Monday, October 26, 2009

Suspense versus Romance

My older daughter does not read romance. She prefers suspense novels, the kind with creepy stalkers and gruesome murders, the kind that give me nightmares. She finally broke down and read the first two chapters of GOALS FOR A SINNER offered on my web site,, and remarked that nothing much happened in the story. Well, the heroine is tackled by two football players, ends up in the hospital, and meets the man who had a crush on her in high school. That's quite a lot actually, but true, no bodies dropped from the ceiling. No one was stabbed, stalked or done away with in an original manner. I had to explain that romances are about relationships. Hopefully, the reader will like the characters enough to want to follow their story and see them get together in the end. My stories should make you smile or even laugh, chuckle or chortle. They are a source for good dreams. If I've done that, I've done my job.

Thursday, October 15, 2009


As a former reference librarian, I love to do research. I confess to having spent half a day searching for the origins of the chocolate sprinkles to put on ice cream. I thought I'd failed, and got diverted into the history of the lollipop. Then, lo and behold! The same man invented the sprinkles. All this time spent so I could allow a character to ask for sprinkles on his ice cream in my 1920's novel, QUEEN OF THE MARDI GRAS BALL. This was an easy detail to work into the novel. Many other marvelous tidbits had to be set aside least the book start sounding like a non-fiction account of life in the Twenties.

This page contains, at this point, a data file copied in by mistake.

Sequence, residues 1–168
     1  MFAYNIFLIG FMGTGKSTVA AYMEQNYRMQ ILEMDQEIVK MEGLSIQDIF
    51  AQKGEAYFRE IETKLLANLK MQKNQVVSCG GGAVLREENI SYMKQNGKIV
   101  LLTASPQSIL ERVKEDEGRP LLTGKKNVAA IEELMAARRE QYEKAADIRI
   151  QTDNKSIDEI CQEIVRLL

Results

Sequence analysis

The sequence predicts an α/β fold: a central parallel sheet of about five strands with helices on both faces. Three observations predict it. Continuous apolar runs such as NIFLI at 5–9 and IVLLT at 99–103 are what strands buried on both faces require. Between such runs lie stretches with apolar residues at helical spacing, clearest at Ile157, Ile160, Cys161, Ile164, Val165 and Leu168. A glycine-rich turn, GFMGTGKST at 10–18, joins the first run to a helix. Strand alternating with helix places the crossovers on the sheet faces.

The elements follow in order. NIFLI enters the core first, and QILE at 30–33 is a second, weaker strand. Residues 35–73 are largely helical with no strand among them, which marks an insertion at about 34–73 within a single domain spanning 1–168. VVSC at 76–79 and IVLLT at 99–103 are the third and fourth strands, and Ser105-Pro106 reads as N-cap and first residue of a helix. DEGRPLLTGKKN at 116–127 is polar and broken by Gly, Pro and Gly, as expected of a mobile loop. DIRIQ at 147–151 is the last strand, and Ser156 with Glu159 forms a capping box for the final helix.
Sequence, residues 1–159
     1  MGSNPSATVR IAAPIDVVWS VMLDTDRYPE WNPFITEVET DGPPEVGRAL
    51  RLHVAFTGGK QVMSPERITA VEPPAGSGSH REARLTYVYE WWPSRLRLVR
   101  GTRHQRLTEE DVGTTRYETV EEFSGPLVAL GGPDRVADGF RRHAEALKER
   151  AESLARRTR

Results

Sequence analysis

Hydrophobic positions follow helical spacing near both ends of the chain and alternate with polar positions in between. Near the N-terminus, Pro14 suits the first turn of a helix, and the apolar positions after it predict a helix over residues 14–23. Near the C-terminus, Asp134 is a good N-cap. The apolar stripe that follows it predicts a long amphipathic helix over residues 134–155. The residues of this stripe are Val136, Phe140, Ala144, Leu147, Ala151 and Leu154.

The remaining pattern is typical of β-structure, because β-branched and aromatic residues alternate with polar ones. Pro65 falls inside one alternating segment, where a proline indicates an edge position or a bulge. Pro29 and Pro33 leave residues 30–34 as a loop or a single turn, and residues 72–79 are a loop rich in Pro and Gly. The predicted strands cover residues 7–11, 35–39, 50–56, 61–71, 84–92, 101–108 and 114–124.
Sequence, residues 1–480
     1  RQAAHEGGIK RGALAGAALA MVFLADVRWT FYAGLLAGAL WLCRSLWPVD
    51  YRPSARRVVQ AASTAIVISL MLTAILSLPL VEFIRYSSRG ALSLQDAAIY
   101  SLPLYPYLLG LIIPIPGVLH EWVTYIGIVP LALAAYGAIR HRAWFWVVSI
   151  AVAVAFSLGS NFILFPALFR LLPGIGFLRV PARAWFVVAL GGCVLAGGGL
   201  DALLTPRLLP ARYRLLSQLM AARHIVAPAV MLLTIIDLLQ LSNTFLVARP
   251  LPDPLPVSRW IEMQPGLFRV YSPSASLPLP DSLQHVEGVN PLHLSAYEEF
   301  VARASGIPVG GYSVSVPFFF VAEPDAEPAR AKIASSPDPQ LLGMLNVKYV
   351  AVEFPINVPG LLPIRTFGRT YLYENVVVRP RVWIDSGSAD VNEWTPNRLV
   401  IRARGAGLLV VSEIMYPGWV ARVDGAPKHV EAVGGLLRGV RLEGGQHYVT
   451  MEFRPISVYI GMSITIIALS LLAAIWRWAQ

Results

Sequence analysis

How much historical detail to add? What to leave out? Usually, I try to work signs of the times into the conversation. People took picnic baskets and went out to watch the levee protecting St. Bernard Parish being blown up to save New Orleans. Surely, people would have talked or written letters about this event. On the other hand, it is not necessary to describe the making of bathtub gin, no matter how fascinating, to say someone is drinking it in a scene. I wish I had a formula to offer like fifty percent fact, fifty percent fiction, but I don't. I still haven't figured this out for myself. Just yesterday, I learned how a wigwam is built, step-by-step. Will I use this? Probably not. But it is just so tempting.

Sunday, October 4, 2009

A Writer's Day

I'd guess every writer's day is different, whatever works for you. Having had a job every year of my life since the age of seventeen, I cannot bring myself to work in my nightgown. Each day, I get up around seven, put on light makeup and clothes decent enough to answer the door, have breakfast, answer e-mail, and run any errands pending. By lunch time, my schedule is completely clear. I sit down and write for four or five hours with the aid of a large pot of hot tea for stimulation. My goal is around 1,000 words a day which usually comes to four or five pages. Neither pantser nor plotter, I am a plodder. I do this day after day, and at the end of three months have a 90,000 word fairly clean first draft. I don't spend time doing character sketches or spread sheets. The story is inside my head. I know my beginning, middle, and end before I start, but the details bring the book to life. I finish for the day around 6:00 pm., make dinner for my husband, enjoy his company, a good book, or a favorite TV program for the evening and turn in around eleven p.m. Not too exciting, but the end result is two books a year. I just keep plodding along.